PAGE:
“We have been using Twitter to push governments to tax the rich and phase out fossil fuels. And now we have to campaign for the platform itself to be brought to a safe and just place.”

Dominika Lasota
Climate justice organizer

“Twitter helped me stay up to date about what was going on during the 2014 Ferguson uprisings and largely influenced me to get involved with the racial justice movement [in the first place],” said Intersectional Environmentalist founder Leah Thomas when asked what role Twitter has played in her activism work. “Since then, I’ve been able to find protests, learn about emerging movements, and breaking stories from Twitter. It’s been a tool for people to simply share their thoughts, where their thoughts weren’t content and it wasn’t about images, videos or design. It doesn’t feel the same.”


The sentiment of loss is echoed by Baltimore-based artist and climate justice organizer Nadia Nazar, who cofounded the youth climate organization Zero Hour. “Social media was the way for us to connect with people, and reach out to people; to let them know that our [youth climate march] is happening, which they can get involved in; to let people know that Zero Hour is a movement we’re starting,” said Nazar. “Much of the support we got was through Twitter, especially from influential people like Samuel L. Jackson and Chadwick Boseman. It’s been so important to us that its implosion will be monumental.”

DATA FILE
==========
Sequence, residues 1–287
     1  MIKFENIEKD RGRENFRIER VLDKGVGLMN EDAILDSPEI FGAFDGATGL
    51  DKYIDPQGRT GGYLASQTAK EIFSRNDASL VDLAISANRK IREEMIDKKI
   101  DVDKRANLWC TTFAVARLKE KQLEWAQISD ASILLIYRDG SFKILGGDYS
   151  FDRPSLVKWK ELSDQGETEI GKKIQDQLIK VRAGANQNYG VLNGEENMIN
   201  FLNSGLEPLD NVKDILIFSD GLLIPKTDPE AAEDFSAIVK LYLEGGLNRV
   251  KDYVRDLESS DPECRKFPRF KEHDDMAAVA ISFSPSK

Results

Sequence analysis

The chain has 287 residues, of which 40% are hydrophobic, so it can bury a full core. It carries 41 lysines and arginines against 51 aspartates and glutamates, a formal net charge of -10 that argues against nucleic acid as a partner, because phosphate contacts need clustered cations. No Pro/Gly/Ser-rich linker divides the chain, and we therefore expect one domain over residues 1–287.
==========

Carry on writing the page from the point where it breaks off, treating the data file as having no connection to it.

The deregulation of Twitter is seeing real-life consequences. Climate misinformation has proliferated since Musk’s takeover. Take the automated response to typing climate into Twitter’s search bar as an example: the recommended search is not climate crisis, but rather climate scam. The extent—and the reach—of the deception is dangerous, running counter to efforts by advocates calling for climate action and threatening public support for policies geared towards reversing global warming.


It’s why some activists are looking for alternatives across multiple platforms. Given its explicit commitment to tackling misinformation, TikTok is a clear frontrunner in this race. But skeptics are already questioning the possible success rate of its policy changes—after all, in 2022, as much as 20% of TikTok videos contained misinformation. And so, niche platforms like Mastodon and Bluesky are gaining a new-found popularity.


“I think Instagram and Meta platforms have largely been able to adapt to social changes, so I’ll stay present on Instagram and start sharing more candid thoughts via stories like I did on Twitter,” said Thomas. “I’ve also heard of something called Project Mushroom that I joined and am waiting to see how it grows.” 


As social media become more and more fragmented and decentralized, the new challenge for activists and experts will inevitably also be to experiment with new styles of communication as they are forced to adapt to new platforms and audiences. 


“It’ll be interesting to see how people transfer their Twitter or TikTok personas onto other platforms,” said Kristy Drutman, who is a public speaker, consultant, media producer, and founder of Brown Girl Green, an online platform about climate change that includes training and workshops, informative videos, and a green jobs board. “We’ll probably see more scientists try to create their own newsletters or listservs or forums to keep the conversations going. People adapt—that’s one thing we can count on.”